More importantly, access to the Brandywine River is why Éleuthère Irénée du Pont de Nemours set up his gunpowder works in Wilmington — the inception of his family name becoming synonymous with the city. “They were the largest supplier of gunpowder to all the Allies for World War I and World War II. Then they started branching out more broadly to chemistry. And they bought a big interest in General Motors in 1910,” Ben duPont, a seventh-generation member of the family and a Wilmington native, tells me. “Their products are from nylon to Lycra to Teflon to Kevlar and on and on and on.” (Apologies to the strict grammarians: Everyone in the DuPont/duPont/Du Pont orbit styles the family name differently.)
Easily one of the most important companies in American history, DuPont at one time employed tens of thousands of downtown workers. The family’s wealth created a rich cultural infrastructure — theaters, museums, gardens, a grand opera house.
By the 1940s, more than 112,000 people lived in the city. Then I-95 moved in. In the 1950s and ’60s, construction of the major highway cut the city in half. Hundreds of homes and two churches were demolished — and the city found itself segregated, mostly along racial lines. Crime in impoverished neighborhoods rose and ushered in the “white flight” that many cities experienced in the second half of the 20th century.
Things went downhill from there.
“Wilmington has the dubious distinction of being the domestic city with the longest martial occupation,” says Ashley Cloud, club executive for the Rotary Club of Wilmington and a local history enthusiast. After the assassination of Martin Luther King in 1968, a peaceful vigil led by clergy in Rodney Square, in the shadow of DuPont’s downtown HQ, was followed by fires, broken windows, rock-throwing — disorder that many cities experienced after the tragic killing. The governor sent in the National Guard, which restored order in a couple of days — and then set up camp.
“The National Guard doesn’t leave us for nine months,” Cloud explains. “Nine months of guards patrolling with rifles, crow’s nests on top of some buildings, enforced curfews … ” She says the emotional ramifications of that occupation are still with Wilmingtonians, especially in Black neighborhoods. It also sent more residents running to the ’burbs. By the 1980s, nearly half of the pre-I-95 population had fled, taking their tax dollars with them.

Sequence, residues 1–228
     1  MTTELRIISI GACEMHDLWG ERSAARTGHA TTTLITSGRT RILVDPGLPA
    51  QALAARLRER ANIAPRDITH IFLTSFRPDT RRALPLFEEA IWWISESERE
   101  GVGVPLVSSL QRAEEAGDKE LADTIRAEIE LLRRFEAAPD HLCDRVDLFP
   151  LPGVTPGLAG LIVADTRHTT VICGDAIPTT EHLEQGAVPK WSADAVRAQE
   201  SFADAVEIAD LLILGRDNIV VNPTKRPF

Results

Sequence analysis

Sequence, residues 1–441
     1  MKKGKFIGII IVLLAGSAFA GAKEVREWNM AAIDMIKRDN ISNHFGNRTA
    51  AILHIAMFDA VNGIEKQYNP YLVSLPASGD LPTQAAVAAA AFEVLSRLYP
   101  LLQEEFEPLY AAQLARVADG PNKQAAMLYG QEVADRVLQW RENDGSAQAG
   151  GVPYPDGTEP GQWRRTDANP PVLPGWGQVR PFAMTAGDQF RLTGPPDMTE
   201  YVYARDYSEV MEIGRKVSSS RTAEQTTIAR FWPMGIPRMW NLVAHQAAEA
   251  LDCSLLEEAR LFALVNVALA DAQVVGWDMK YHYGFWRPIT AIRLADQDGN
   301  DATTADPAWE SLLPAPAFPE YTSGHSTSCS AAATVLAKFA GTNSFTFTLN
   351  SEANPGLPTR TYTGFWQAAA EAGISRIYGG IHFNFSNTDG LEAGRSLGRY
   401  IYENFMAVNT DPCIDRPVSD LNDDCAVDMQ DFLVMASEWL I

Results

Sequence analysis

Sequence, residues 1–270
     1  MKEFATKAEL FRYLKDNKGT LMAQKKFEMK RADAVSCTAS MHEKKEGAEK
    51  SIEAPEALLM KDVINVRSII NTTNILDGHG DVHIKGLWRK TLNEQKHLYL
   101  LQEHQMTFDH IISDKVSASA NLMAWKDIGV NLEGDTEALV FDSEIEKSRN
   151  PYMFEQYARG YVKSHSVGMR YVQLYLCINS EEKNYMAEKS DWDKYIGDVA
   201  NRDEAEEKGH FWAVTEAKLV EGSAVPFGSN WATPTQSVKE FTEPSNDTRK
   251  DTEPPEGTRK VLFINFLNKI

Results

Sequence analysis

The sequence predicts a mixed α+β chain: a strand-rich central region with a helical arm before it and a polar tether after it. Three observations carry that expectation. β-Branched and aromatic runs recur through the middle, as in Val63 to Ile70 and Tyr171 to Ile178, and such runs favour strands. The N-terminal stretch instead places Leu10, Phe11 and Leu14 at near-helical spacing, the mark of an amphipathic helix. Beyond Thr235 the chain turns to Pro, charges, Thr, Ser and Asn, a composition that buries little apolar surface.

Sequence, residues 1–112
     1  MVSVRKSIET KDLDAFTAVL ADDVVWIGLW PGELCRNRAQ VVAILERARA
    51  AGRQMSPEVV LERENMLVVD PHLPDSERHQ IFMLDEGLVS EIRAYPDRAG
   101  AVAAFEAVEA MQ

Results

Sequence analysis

It was time for a pivot. In 1981, Governor Pete duPont (that’s Ben’s dad) signed a bill that liberalized restrictions on credit-card banks. Within months, nearly a dozen had moved in, bolstering a local financial-services industry that employs 40,000 people.
Low taxes at all levels — Delaware has no sales tax, no inventory tax, the fourth lowest property taxes in the U.S., and low corporate taxes — have made this the place to be for businesses. Wilmington is headquarters for two Fortune 500 companies and five more in the Fortune 1,000. It’s also “home” to tens of thousands of other businesses that incorporate there yet maintain little more than a P.O. box. In 2012, the New York Times wrote that Delaware had more corporate entities than people. Two-thirds of all Fortune 500 companies are incorporated there, according to the Delaware Prosperity Partnership. Google “Corporate Capital of the World” and Delaware comes right up.
Of course, that means Wilmington is hit harder than peer cities during recessions, when governmental policies change, or when companies merge/close/relocate.
In the early 2000s, MBNA employed more than 10,000 workers in Delaware, making it the state’s largest private-sector employer, according to the Delaware News Journal. At one point, “Almost every American had an MBNA-issued credit card,” Cloud says. Then, Bank of America bought the giant and began selling off MBNA’s assets. More empty buildings.
Even when bank business was booming, that success didn’t translate into an exciting downtown. “We didn’t have anybody living here,” the city’s current mayor, Mike Purzycki, recalls. For decades, Market Street, Wilmington’s 10-block main drag, looked nothing like it does today. Wilmington native Oba Jackson, now the owner of Push Tattoo Studio just off Market Street, remembers the area as a “ghost town” that opened at around 11 a.m. and closed at 5 p.m.
As the downtown goes, so goes the rest of the city. Crime rose, and poverty increased.
In 2014, Newsweek ran a now-infamous headline calling Wilmington “Murder Town USA” after a record 27 homicides were committed in the city of around 71,000 residents. That number may sound low to Philadelphians today, but it was more per capita than our record high in 2021. Crime was, and still is, a problem for Wilmington. In this way, it’s no different from any other city in the COVID era.
That same year, DuPont abruptly moved its headquarters out of downtown Wilmington, presenting an existential crisis for the city that had been linked with the chemical giant for 107 years.
“You would think the whole city would have fallen in like a deck of cards when they left, but we didn’t,” Cloud recalls. “The same thing with MBNA. It was shocking, sure … but Wilmington is pretty nimble at recovering.” Enter the Buccini brothers.
Rob Buccini and I are running in and out of construction sites. We’re in the skeleton of what will soon be a 24-room luxury hotel in a Frank Furness-designed brownstone. Though we’re getting the side-eye from carpenters and electricians, Rob, 53, in a new blue suit and brown leather dress boots, isn’t shy. He grew up in a construction family. He fist-bumps people as we walk through their work zone to get a look at a subterranean bar they’re building.